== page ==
Woodman Folk Club - Reviews
|Paul Bedingfield||7 February 2014||
It’s a little over three years since Pete was at The Woodman, so his
visit, in my book, was well overdue. I’ve always liked his way with
words and how he can deliver a no-holds barred protest song one minute
and a tender ballad the next.
Pete brought his new album “The Frappin' and Ramblin’” from which he treated us to a few tracks including “The Manchester Rambler Frap” (worked round the chorus from Ewan MacColl) and “The Farmers Boy Frap”. Both examples of the Folk rap style which may not be everyone’s cup of tea – though curiously on the night I preferred the latter to the former yet when I listened to the album on Sunday morning it was the other way round and I think the fraps sounded better recorded (perhaps the added instrumentation worked for me?). Either way, I have to give credit to a man who can squeeze in more words than the House of Commons and bring folk music bang up to date by rhyming MacColl with LOL (try rhyming it with Jimmy Miller!)
By contrast, “The Love of You” is a powerful and reflective love song, typical of Pete’s style, and for me reminiscent at times of his most well known “Another Train”. Other tracks in the first half were “Rambling Through Old England” (a history lesson for the oppressed commoner), “Heart of The Land” (which reflected on the expulsions from Amin’s Uganda). Songs in the first half not from the new disc were the beautiful “Bigger than Life”, the quirky “Related to You” and the numerically updated “SEVEN Billion Eccentrics” plus my favourite “The Shores of Italy” (thanks for doing the request Pete!).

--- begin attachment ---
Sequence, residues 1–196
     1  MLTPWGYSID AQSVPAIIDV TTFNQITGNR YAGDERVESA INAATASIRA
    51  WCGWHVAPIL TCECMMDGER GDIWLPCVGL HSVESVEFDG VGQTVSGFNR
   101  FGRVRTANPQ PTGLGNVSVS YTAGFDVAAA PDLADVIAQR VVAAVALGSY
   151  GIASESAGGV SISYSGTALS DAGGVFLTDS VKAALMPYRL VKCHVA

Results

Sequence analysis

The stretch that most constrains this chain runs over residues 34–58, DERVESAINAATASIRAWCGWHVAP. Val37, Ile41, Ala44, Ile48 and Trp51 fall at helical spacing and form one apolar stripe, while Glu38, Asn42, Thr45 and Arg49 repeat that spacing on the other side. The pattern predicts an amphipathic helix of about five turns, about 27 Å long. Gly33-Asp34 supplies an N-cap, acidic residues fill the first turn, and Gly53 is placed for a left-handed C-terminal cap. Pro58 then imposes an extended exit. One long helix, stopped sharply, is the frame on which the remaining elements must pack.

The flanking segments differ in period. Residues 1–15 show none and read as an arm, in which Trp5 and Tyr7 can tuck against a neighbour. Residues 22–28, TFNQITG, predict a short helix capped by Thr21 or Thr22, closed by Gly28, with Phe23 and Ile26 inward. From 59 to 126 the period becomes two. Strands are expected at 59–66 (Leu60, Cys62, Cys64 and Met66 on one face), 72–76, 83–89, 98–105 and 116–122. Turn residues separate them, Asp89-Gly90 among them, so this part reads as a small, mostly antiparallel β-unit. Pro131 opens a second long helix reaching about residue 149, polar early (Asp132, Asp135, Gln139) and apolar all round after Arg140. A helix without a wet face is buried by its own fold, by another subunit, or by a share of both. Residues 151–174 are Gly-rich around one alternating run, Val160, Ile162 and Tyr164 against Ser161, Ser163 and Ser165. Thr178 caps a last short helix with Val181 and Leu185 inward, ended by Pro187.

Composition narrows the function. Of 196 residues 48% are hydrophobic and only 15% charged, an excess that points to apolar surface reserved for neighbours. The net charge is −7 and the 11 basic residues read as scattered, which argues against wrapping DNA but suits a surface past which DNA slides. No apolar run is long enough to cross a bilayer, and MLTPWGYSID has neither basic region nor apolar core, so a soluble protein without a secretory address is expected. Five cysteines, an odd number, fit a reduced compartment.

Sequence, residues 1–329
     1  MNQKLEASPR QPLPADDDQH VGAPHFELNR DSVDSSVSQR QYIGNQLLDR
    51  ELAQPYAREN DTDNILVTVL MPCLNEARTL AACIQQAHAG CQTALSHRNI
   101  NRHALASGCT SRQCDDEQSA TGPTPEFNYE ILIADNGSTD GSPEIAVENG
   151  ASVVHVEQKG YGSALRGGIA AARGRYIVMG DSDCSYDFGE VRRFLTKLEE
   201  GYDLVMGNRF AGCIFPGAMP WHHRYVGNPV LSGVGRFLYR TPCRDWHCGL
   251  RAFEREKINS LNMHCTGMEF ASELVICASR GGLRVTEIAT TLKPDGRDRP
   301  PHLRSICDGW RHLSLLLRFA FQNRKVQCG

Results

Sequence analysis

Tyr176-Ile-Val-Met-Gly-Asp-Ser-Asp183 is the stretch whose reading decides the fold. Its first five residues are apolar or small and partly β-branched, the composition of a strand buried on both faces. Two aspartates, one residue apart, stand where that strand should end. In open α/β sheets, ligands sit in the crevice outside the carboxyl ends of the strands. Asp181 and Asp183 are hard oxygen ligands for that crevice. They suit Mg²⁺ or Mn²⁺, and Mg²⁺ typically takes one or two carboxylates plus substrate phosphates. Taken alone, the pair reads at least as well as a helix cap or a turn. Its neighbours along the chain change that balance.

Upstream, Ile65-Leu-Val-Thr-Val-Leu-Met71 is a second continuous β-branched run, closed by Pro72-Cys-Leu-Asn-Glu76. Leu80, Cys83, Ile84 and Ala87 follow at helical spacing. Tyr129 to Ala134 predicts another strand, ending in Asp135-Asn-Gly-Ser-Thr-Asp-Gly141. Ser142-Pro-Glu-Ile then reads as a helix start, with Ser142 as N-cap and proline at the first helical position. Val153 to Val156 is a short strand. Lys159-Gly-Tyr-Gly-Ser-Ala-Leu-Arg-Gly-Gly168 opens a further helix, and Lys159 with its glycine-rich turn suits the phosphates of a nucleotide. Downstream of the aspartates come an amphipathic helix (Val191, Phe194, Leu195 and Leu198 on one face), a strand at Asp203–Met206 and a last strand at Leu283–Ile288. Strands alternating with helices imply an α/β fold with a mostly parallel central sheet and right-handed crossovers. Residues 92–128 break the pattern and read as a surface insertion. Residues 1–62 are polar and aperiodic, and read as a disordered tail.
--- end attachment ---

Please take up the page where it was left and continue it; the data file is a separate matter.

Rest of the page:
The second half began with another song from the new album “The Journeyman”. I really liked this “Mortonish” protest song which I felt was a metaphor for striking back at the disparity between the haves and have nots (sadly perennial fodder for songwriters). Pete played us “Further” and Disobedience” followed by “In The Days When Time Was Different”. We then had what I think was the best performance of “Another Train” I’ve heard Pete do. His excellent song of hope and new beginnings was put over with great emotion and it came across that he really meant it. Great stuff!
The evening continued with “The Shepherd’s Song”, “Great Gold Sun” and (almost) finally, we all joined in with the aptly titled “When We Sing Together” (“that’s the best of all”). As an encore Pete once again frapped us with “The Ghost of a Sailor”.
All in all a thoroughly varied, well performed and entertaining evening which I (and I know many others) enjoyed greatly. The album contains even more great songs.
The eloquent Bryn Phillips, the delightful Velvet Green, plus some really handsome bloke and three other people calling themselves Nothing To Prove provided support.
Take care peeps.